The Enovix 3D cell architecture incorporates many features within the cell to improve electrical, physical and environmental abuse tolerance. These features reduce the potential of an internal short circuit. In the unlikely event that an internal short does occur, Enovix BrakeFlow™ technology adds an extra layer of protection to further reduce the risk of thermal runaway. With BrakeFlow built in, the battery is designed to discharge slowly and safely instead of a sudden catastrophic release of energy.

DJ: When will the batteries be available on a commercial scale?

Lahiri: We announced in June 2022 that we shipped our first commercial batteries from Fab-1 production line. While we cannot predict our customers’ product release schedules, we announced in our Q3 2022 Shareholder Letter that we have shipped production cells to 25 OEMs. Furthermore, our Gen2 Autoline, which we view as the engine that will drive our manufacturing scale-up in the future, is expected to be qualified in the first half of 2024 and 2024.

DJ: What other innovations are you working on that you can share?

Lahiri: We launched a new business unit to adapt our 3D battery architecture to the EV market called Enovix Mobility. It is early in our development, but we are pleased with the results so far with our EV test cells.

During the third quarter of 2022, we continued to see excellent data supporting high cycle life and high calendar life – two characteristics that have historically held cells back with silicon anodes. As part of our three-year Department of Energy grant program that pairs a 100% active silicon anode with EV-class cathode materials, our test cells surpassed 1,500 cycles while retaining 88% of their capacity – well ahead of the Department of Energy’s program goal of 1,000 cycles with 80 percent capacity retention. Additionally, our test cells used under extreme temperatures retained enough capacity to allow us to comfortably model more than 10 years of calendar life, a key requirement for EVs.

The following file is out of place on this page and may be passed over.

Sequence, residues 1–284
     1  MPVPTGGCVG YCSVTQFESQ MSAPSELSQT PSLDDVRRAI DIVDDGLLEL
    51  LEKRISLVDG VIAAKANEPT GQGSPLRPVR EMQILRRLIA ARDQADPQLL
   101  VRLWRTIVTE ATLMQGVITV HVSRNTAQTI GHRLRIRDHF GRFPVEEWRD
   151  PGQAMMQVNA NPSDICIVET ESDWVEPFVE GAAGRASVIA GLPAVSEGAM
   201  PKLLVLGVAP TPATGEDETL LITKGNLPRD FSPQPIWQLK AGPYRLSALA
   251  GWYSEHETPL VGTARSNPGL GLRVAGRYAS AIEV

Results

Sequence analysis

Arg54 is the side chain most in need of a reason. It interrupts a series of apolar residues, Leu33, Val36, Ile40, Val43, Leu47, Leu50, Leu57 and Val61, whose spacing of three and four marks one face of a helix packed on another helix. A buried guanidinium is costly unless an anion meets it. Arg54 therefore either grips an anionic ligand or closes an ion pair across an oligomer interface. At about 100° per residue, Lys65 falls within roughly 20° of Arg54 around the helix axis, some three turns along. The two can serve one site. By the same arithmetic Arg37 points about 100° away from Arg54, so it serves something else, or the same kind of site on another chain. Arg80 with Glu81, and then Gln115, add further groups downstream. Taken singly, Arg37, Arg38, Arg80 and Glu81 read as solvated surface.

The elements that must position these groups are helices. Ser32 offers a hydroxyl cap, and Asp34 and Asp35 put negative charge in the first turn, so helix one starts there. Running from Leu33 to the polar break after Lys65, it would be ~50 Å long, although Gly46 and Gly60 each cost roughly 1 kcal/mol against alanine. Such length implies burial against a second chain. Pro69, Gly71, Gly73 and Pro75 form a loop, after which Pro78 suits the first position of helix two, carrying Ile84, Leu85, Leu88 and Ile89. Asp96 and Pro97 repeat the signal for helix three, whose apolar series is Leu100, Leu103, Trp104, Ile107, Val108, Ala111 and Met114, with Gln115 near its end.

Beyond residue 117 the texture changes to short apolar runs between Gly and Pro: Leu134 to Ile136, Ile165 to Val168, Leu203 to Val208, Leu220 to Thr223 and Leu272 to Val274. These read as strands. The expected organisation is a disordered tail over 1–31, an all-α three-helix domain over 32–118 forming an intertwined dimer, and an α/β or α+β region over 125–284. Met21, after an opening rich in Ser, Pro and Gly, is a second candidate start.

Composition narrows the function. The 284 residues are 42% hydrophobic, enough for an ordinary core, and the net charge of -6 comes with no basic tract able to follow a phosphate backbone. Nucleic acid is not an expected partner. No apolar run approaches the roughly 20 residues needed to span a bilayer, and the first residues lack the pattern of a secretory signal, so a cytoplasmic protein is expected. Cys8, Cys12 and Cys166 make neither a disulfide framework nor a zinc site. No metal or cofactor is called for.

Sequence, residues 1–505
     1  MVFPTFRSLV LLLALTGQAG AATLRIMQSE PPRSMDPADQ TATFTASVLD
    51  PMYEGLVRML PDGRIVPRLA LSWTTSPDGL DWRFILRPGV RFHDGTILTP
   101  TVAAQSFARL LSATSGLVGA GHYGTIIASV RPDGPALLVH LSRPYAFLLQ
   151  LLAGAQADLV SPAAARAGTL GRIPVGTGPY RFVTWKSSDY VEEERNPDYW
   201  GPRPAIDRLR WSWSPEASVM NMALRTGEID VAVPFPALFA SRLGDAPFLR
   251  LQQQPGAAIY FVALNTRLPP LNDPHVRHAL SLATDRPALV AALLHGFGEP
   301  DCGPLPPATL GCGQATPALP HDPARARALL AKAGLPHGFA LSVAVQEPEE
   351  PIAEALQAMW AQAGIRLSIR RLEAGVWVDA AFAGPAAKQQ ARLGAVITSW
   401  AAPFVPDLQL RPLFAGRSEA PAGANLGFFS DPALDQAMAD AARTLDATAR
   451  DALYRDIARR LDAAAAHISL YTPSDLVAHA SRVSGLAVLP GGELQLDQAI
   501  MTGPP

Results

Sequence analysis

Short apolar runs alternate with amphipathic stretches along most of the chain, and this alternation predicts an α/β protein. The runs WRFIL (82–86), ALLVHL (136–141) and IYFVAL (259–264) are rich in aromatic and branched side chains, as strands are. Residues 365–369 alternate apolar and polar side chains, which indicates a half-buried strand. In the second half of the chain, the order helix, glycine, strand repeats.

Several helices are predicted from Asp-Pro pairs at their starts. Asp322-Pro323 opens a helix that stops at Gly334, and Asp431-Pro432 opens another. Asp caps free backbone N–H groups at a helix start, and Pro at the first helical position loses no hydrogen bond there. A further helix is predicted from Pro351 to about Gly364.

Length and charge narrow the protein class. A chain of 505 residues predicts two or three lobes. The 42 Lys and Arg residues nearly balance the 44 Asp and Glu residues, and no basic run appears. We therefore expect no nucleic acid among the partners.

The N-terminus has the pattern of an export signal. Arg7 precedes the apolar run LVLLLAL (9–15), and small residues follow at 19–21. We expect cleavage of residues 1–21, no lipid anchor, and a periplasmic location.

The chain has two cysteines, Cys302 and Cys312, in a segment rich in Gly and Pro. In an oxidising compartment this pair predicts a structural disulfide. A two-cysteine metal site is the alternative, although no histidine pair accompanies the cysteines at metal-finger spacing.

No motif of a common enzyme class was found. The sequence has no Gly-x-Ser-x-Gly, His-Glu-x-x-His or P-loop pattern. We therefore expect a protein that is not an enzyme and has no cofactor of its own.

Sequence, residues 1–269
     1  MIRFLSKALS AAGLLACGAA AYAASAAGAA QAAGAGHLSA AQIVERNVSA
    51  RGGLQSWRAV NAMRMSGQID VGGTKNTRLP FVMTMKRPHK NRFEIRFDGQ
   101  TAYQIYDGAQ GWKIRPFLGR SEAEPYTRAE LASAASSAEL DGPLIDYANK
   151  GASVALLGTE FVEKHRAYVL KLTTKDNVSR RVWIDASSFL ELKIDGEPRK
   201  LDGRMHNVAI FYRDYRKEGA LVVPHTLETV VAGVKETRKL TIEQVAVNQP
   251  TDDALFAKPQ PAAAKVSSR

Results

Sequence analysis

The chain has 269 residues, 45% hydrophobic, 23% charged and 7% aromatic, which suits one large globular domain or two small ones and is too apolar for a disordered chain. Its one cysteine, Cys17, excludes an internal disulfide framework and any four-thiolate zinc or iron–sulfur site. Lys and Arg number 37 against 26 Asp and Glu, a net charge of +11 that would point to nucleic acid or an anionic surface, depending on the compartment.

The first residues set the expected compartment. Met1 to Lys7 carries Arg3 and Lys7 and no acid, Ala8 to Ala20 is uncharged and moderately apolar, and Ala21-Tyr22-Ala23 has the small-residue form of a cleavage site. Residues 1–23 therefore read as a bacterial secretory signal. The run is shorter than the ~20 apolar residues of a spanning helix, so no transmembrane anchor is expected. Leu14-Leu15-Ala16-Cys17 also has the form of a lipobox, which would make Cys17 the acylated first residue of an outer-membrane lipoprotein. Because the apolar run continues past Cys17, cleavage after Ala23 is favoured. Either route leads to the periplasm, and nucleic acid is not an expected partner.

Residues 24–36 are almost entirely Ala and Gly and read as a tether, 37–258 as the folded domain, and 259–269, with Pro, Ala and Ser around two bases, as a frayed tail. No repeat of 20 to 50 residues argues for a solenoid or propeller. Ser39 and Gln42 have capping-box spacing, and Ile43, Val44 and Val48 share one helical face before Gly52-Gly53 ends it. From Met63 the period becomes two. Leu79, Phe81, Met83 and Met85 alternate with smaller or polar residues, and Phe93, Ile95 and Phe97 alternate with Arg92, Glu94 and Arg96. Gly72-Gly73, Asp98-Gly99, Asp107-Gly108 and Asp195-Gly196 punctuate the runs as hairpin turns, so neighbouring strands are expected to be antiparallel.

In June 2022, we announced that we had demonstrated the ability of our EV test cells (0.27 Ah cells) to charge from 0-80 percent state of charge in as little as 5.2 minutes and a more than 98 percent charging capacity in less than 10 minutes.